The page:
Breast implants after mastectomy: Risks you need to know

Diana Zuckerman, Ph.D.
Updated 2016

The complication rate for getting breast implants after mastectomy has been described by experts as “alarmingly high and arguably unacceptable,”1 even though most of the information about complications is based on studies that were paid for by companies that make breast implants or silicone.

How safe are breast implants and how many women have complications after getting reconstruction with breast implants after a mastectomy? When the Food and Drug Administration (FDA) approved breast implants, they acknowledged that the complication rate is very high for all women, especially those undergoing reconstruction. What the FDA did not know, however, is that early-stage breast cancer patients that undergo mastectomy and reconstruction with breast implants are 10 times as likely to commit suicide as other early-stage breast cancer mastectomy patients. 

We do not know why the suicide rate is so high for mastectomy patients with breast implants, but we do know that complications are very common. For example, a study conducted by implant manufacturer Inamed (now called Allergan) found that 46% of reconstruction patients needed additional surgery within the first 2 to 3 years after getting silicone gel breast implants 2. Not surprisingly, the implant maker did not publish an article describing this high complication rate, which was more than twice as high as the 21% reported by Henriksen and his colleagues in their study funded by Dow Corning (which manufactures silicone).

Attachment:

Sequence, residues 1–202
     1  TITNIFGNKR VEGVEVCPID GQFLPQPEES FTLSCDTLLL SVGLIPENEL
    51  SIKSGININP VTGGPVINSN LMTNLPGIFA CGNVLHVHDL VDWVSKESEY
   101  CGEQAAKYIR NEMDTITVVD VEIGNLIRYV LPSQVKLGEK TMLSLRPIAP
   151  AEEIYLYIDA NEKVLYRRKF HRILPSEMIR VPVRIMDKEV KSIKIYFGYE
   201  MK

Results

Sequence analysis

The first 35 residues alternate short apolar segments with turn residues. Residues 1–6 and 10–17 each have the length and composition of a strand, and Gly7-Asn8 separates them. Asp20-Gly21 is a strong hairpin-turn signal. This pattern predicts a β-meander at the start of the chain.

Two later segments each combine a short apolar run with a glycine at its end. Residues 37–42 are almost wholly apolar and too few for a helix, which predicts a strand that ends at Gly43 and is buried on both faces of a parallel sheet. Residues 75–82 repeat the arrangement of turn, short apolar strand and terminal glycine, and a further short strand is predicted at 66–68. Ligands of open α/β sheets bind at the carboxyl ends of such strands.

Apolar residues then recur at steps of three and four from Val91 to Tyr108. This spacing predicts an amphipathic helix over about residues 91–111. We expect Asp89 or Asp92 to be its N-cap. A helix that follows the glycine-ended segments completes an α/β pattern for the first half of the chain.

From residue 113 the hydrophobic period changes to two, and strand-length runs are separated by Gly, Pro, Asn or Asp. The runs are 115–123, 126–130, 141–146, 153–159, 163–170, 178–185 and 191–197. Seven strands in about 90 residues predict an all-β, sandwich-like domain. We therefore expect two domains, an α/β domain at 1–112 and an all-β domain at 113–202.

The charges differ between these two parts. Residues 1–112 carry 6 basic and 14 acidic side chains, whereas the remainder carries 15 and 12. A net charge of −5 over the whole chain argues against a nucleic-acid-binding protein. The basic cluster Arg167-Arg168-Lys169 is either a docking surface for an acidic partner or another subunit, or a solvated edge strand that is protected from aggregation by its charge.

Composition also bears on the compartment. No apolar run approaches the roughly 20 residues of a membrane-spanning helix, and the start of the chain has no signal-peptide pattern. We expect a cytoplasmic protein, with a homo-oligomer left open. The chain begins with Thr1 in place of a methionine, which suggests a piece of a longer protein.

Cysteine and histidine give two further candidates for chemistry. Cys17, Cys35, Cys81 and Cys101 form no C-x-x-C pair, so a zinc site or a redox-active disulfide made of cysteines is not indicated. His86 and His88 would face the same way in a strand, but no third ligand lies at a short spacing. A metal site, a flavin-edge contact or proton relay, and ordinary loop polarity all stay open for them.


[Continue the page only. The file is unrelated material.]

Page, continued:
Why was the complication rate lower in the Dow Corning study? One explanation is that the women in that study had breast implants for an average of only 23 months, compared to 2-3 years in the Inamed study. Even so, the Dow study found that 31% of the women developed at least one serious complication and 16% developed at least 2 serious complications in that short period of time. The Inamed study reported that 25% underwent implant removal, 16% experienced Baker III-IV capsular contracture (which is painful breast hardness), 6% experienced necrosis (death of breast tissue), 6% had other types of breast pain, and 6% had an implant that ruptured, and other women reported infections and other complications.2  This shows that both studies found very high complication rates despite a short follow-up of less than 3 years.

In their Dow-funded study, Henriksen concluded that “reconstruction failure (loss of implant) is rare.” Of course, it should be rare after less than 2 years. In contrast, when Inamed used Magnetic Resonance Imaging (MRIs) to detect rupture, they found that 20% of reconstruction patients had ruptured implants by the third year;3 while very few ruptures were detected without MRIs. Since Henriksen did not use MRIs to detect rupture, he probably undercounted the number of failed implants.  Moreover, FDA scientists concluded that the risk of rupture would likely increase exponentially every year.4